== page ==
By the time we approached Crystal Pass at 7,200 feet, we were running out of time to make it to the summit. We would still have to climb and descend the final 5th class rock pitch below the summit pinnacle, but we also faced a more immediate problem – a wide bergschrund that spanned the glacier below Crystal Pass. Having climbed down into and back out of the bergschrund a week earlier, I knew we could do it safely, but I also knew it would cost us quite a bit of time. Ascending higher would have pushed us into a long summit day when nightfall and fatigue might conspire to make an accident more likely. With clouds coming in, we returned to camp, taking off our packs at our tents just before dusk.

On many climbs, the most difficult choice is when to turn around. It was disappointing not to stand on the summit of Olympus on this climb, but that was the price we paid for a lesson in decision-making, and for the experience of climbing on this remote, beautiful peak in late-season conditions when the dramatic crevasses and seracs of the Blue Glacier are most visible. We also got to practice some teamwork and rope skills as we moved through the belays on the Snow Dome. All in all, it was a valuable trip to one of Washington’s most remote and beautiful peaks.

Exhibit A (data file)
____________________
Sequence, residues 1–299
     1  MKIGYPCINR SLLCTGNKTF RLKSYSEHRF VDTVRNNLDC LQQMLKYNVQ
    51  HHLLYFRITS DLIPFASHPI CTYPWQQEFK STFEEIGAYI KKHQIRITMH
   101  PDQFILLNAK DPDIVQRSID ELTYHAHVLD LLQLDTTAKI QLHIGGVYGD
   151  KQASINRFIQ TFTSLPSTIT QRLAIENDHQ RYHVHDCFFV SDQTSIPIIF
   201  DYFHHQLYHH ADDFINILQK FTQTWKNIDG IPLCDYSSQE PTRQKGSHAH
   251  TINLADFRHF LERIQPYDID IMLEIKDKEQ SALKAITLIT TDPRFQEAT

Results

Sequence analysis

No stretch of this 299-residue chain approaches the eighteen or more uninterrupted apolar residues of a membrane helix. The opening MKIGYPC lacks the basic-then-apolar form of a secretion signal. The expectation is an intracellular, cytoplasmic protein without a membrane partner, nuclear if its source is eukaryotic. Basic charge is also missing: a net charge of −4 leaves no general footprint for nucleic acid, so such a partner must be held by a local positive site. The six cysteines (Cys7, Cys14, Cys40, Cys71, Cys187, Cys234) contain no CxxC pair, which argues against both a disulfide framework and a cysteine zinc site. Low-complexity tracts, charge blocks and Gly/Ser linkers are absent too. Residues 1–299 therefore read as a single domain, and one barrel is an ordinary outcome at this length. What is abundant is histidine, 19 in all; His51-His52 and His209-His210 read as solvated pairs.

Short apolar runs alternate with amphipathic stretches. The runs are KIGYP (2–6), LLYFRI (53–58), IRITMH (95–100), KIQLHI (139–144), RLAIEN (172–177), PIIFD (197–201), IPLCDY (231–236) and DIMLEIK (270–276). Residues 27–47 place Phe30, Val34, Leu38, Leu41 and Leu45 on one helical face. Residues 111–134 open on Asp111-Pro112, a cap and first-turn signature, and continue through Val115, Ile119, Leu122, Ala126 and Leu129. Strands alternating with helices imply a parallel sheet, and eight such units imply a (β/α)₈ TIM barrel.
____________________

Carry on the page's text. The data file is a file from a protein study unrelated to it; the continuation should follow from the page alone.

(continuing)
Team with golf umbrellas hiking to Mt. Olympus high camp

You don’t always see gear branded Maxfli (golf umbrella) on mountaineering trips!

Sean hikes from the Hoh River to Glacier Meadows at the base of Mount Olympus in Olympic National Park

Climbing the Blue Glacier route on Mount Olympus in Olympic National Park

Climbing the Blue Glacier route on Mount Olympus in Olympic National Park